Many stocks that trade on exchanges around the world are priced much higher than a dollar. Their prices fluctuate about a mean that is usually in the double digits. Still, there are other types of stocks that are originally valued around a dollar. They are often stocks of smaller companies that launch with low levels of capital. Some are commonly referred to as micro-caps or nano-caps based on the total company valuation.
According to the Securities Exchange Commission, a micro-cap stock is a company with a market value less than $300 million. The smallest companies, called nano-caps, have a market value of less than $50 million. Stock prices of such companies frequently hover around a dollar. Although the market value may seem high, when these companies initially raise money they also issue huge amounts of shares -- most issue more than 100 million shares -- to average out the unit price of their stock and make it more affordable to individual investors. This means that a nano-cap company worth $50 million could issue 100 million shares and average out its price to about 50 cents per share ($50 million / 100 million shares).
Many low-value stocks are referred to as penny stocks. However, the name is not literal. The U.S. Securities and Exchange Commission, for example, defines a penny stock as any small company stock valued at less than $5 per share. Although the SEC sets the benchmark price at $5, the stock prices of many of these small companies are expected to fluctuate about a mean price that may be less than a dollar because of their smaller market capitalization.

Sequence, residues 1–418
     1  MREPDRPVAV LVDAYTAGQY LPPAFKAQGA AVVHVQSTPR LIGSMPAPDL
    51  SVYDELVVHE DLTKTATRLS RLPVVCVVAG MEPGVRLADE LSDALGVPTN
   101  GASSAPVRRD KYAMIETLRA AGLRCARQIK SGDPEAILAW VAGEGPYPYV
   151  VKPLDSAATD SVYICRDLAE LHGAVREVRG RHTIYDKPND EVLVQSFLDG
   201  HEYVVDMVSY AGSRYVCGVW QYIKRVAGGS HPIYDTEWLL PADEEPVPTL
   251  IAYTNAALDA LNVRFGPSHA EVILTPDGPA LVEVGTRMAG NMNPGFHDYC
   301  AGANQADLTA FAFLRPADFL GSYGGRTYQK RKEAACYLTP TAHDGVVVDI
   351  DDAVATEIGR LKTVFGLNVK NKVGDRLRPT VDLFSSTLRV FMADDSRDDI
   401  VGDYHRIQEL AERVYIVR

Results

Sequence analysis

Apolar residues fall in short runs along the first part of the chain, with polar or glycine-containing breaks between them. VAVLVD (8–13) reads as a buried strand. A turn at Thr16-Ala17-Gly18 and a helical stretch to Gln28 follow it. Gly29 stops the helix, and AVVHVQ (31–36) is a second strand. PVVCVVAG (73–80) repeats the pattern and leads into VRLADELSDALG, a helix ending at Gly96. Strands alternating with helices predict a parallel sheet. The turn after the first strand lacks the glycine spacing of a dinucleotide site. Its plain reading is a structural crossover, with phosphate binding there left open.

Where They Trade
Most stocks valued at less than a dollar do not trade on centralized exchanges such as the New York Stock Exchange or the Nasdaq in the U.S. Instead, they're traded over-the-counter on the OTC Bulletin Board or as Pink Sheets. This often means you have to call your broker directly to trade these low-priced stocks over the phone. Small companies that launch as penny stocks are not the only ones that trade over the counter. Also mid-size companies that have lost significant value and are delisted from central exchanges find a home in the OTC Bulletin Board or Pink OTC markets.
Many people who invest in dollar valued stocks take advantage of their low price and possible opportunities for growth. Although many new companies launch with a small market capitalization, they can go on to be highly valued companies even on centralized exchanges. However, the risks of investing in low-priced stocks relate to their liquidity. This means it can be difficult to sell your stock once you buy it. This is because of the low volumes associated with these types of stocks. Additionally, the price of these stocks can be volatile as opposed to other stocks that trade on a centralized exchange.
Victor Rogers is a professional business writer who started his career as a financial analyst on Wall Street. He later expanded his experience to content marketing for technology firms in New York City. Victor is an alumnus of St. Lawrence University, where he graduated with honors in economics and mathematics.